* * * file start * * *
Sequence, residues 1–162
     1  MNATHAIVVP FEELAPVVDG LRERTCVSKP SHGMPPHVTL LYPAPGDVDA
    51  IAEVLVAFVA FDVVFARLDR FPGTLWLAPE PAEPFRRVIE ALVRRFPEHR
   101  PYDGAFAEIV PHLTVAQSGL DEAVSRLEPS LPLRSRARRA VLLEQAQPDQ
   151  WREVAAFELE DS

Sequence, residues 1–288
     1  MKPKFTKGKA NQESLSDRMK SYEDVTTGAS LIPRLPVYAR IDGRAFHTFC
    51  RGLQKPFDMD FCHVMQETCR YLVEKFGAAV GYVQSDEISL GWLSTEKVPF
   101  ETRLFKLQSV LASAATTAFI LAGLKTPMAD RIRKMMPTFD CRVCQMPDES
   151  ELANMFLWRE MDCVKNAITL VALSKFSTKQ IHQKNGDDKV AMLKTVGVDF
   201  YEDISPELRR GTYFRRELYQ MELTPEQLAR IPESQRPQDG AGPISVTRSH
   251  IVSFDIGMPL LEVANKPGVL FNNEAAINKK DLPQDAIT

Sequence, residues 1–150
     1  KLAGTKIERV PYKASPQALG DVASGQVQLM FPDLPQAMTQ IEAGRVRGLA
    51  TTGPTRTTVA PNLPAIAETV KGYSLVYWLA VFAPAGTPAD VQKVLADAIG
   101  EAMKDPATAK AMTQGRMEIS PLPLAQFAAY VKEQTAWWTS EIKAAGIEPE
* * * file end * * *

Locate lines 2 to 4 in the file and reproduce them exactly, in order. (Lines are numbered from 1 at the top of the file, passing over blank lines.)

     1  MNATHAIVVP FEELAPVVDG LRERTCVSKP SHGMPPHVTL LYPAPGDVDA
    51  IAEVLVAFVA FDVVFARLDR FPGTLWLAPE PAEPFRRVIE ALVRRFPEHR
   101  PYDGAFAEIV PHLTVAQSGL DEAVSRLEPS LPLRSRARRA VLLEQAQPDQ